Gabriel Welsch

Birthplace of Memorial Day

That day, a man drives a parade float
over his mother. Seniors in lawn chairs grumble,
can’t see the EMTs or the ambulance, wonder why
the parade has stopped and the baton groups
have stalled their twirling of affected grace. Mothers
spritz girls with water bottles, lipstick
themselves in the reflection of their men’s fenders.
Those scant with beards and cigarette eyes
lurk under caps with chainsaw logos and beer brands
in their trucks with roof-mounted woofers
blasting dance mixes of Celine Dion
at their daughters and nieces doing hip grinds
and other moves mimicked from MTV
in home-sewn costumes dense with sequins
hanging on their rod-straight frames. No one knows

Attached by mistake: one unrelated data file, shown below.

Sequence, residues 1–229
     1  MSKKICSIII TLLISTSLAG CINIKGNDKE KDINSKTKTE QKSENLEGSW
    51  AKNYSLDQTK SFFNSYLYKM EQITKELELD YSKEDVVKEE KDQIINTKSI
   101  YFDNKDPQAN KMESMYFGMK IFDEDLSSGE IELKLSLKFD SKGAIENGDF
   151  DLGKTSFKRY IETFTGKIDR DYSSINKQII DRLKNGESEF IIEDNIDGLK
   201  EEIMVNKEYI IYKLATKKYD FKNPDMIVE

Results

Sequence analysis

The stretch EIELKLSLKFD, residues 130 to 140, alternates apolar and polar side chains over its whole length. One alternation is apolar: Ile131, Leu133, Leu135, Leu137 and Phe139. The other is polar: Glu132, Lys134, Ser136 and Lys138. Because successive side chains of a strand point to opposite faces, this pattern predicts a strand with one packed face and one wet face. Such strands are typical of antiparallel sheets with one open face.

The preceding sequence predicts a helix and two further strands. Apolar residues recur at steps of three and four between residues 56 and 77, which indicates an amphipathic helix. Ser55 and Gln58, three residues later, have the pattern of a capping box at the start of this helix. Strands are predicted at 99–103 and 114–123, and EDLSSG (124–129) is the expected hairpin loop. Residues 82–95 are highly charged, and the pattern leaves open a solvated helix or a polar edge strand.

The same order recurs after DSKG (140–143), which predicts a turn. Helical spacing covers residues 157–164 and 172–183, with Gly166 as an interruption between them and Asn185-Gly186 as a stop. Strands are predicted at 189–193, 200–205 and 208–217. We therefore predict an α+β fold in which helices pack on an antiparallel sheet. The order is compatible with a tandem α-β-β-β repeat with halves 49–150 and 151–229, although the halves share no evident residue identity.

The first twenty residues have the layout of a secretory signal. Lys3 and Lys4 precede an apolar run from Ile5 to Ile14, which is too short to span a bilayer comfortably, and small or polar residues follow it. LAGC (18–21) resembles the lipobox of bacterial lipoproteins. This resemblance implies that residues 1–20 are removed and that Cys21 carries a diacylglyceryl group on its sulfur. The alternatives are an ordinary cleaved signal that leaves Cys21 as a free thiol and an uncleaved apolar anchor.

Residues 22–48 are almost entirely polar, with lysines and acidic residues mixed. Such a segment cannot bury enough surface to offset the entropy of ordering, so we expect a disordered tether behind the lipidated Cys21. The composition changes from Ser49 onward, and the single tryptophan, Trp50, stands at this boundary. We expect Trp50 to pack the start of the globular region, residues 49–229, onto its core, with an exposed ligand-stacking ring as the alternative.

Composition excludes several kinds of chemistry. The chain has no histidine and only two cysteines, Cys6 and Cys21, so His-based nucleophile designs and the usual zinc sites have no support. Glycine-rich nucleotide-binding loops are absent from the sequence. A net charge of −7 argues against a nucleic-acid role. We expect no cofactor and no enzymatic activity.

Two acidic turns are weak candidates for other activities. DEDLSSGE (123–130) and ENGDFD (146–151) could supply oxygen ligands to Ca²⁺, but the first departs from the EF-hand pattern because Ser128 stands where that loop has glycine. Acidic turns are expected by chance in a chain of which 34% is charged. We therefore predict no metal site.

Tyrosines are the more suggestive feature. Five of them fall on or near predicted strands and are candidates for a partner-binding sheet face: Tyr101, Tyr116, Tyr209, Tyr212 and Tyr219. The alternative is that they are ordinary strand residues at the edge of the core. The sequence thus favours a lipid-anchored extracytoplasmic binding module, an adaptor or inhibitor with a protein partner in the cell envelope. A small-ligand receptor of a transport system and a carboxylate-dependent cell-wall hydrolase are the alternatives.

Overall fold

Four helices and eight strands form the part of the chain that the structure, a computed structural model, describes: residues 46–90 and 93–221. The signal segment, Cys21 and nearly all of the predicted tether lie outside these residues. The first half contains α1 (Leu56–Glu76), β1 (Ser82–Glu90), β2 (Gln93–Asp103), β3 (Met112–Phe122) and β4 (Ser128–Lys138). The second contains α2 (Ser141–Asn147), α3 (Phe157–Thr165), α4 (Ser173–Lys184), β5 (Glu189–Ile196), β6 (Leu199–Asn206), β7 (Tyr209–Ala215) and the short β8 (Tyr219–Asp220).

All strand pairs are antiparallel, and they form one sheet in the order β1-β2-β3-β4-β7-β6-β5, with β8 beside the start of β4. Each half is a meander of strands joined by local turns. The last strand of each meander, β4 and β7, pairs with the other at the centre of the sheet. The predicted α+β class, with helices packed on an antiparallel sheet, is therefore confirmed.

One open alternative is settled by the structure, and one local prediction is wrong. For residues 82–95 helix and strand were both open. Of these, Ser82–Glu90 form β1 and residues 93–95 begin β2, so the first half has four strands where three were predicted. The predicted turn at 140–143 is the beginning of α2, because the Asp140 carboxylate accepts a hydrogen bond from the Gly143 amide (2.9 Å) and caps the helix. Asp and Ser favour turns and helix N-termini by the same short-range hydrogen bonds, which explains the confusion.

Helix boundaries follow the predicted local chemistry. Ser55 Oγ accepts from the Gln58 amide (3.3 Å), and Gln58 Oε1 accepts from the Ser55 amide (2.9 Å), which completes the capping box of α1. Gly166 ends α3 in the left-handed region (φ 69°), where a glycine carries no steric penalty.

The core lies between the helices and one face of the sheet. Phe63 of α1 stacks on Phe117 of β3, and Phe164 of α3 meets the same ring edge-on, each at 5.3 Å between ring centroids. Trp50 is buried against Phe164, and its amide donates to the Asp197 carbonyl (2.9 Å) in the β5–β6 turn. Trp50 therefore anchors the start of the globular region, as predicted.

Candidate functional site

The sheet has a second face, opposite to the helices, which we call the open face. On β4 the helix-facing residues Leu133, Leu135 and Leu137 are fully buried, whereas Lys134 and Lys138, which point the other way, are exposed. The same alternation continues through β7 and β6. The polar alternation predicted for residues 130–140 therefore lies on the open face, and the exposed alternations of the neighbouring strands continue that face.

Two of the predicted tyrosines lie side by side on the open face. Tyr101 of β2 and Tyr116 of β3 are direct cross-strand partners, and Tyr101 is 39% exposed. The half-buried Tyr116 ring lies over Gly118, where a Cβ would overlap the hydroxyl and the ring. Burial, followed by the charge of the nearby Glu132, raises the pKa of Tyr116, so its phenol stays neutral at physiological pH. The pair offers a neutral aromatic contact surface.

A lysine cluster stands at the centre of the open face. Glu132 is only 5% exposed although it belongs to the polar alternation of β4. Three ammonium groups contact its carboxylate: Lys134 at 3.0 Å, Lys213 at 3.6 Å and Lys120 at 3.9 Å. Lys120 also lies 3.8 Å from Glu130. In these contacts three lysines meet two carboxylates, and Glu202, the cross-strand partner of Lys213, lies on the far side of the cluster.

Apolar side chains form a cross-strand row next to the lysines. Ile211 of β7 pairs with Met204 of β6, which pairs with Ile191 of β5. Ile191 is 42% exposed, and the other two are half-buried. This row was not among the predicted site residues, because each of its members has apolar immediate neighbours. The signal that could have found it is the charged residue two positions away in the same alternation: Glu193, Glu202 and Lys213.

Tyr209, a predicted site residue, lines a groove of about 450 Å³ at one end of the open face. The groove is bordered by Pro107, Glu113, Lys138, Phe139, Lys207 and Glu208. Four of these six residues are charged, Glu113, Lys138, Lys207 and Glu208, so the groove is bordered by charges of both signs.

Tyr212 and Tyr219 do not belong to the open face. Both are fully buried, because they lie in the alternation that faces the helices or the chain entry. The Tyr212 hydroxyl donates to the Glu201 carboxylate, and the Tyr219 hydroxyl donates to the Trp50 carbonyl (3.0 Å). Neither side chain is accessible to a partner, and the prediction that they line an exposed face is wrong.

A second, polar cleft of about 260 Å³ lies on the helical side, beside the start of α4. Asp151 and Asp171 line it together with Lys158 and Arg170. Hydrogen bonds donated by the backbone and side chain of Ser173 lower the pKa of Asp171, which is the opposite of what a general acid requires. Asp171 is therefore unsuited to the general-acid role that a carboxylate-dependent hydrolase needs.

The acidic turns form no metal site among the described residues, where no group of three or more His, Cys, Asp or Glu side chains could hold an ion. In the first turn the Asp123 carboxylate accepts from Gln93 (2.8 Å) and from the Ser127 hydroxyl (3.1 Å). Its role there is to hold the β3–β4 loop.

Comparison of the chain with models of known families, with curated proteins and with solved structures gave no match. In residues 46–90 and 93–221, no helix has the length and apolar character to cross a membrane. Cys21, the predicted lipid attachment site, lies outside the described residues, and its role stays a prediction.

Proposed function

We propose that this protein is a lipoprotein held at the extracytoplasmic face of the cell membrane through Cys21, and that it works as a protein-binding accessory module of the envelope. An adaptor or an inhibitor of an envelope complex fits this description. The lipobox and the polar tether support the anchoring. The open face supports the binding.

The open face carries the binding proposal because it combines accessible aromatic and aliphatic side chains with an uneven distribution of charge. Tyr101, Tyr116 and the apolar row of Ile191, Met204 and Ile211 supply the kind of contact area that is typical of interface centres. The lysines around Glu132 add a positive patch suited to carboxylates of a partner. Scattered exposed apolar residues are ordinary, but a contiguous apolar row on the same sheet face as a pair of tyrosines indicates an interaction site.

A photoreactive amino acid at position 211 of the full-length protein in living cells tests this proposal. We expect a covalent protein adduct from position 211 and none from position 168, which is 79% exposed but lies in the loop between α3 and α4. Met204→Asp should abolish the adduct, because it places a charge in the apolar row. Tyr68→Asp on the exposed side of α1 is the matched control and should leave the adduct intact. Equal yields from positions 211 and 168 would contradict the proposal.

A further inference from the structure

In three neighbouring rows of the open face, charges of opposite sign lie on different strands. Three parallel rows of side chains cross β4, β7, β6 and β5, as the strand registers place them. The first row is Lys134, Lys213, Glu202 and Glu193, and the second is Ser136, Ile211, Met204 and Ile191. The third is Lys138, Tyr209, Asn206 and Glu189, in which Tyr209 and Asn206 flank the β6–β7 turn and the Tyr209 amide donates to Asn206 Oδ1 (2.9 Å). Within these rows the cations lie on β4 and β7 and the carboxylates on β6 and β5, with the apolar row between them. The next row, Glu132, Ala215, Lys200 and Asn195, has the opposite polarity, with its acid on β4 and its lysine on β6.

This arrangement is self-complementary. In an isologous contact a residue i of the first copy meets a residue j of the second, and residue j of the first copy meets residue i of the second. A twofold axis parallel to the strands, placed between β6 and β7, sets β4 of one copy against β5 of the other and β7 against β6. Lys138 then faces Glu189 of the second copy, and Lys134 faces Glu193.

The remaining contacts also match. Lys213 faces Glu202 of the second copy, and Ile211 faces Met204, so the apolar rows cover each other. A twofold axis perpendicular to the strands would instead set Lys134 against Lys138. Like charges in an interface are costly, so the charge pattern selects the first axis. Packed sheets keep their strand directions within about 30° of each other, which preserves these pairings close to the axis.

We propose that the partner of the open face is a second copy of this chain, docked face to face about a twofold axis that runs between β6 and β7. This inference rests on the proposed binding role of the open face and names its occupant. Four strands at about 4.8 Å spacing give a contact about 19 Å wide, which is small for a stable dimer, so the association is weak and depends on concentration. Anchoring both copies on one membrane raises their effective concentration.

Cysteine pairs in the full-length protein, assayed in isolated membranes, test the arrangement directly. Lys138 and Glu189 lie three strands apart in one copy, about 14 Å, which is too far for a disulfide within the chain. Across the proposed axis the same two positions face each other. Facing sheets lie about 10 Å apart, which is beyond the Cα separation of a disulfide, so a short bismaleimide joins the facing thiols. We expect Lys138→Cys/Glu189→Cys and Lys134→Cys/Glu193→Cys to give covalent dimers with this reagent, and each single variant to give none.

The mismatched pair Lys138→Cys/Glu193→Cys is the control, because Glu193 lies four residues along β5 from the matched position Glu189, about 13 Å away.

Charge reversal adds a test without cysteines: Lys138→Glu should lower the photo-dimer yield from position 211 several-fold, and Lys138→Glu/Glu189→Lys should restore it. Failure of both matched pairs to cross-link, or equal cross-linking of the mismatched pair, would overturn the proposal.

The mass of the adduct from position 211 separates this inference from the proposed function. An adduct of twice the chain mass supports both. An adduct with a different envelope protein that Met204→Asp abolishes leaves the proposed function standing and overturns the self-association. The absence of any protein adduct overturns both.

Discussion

the fate of the woman far ahead, or the mind
of the man who hit her, who is gone suddenly,
hunkered under the fire hall barbecue tent,
where the men in trucks normally gather on Thursdays
to complain about their wives or their kids or to wince
at what they don’t say about who died or to gripe
about respect, how fires don’t douse themselves. But they do,
all the time. They burn and burn and exhaust
their tinder, their air, their abundance, their light.

Gabriel Welsch
Poem, copyright © 2005 by Gabriel Welsch
Appearing on From the Fishouse with permission
Audio file, copyright © 2005, From the Fishouse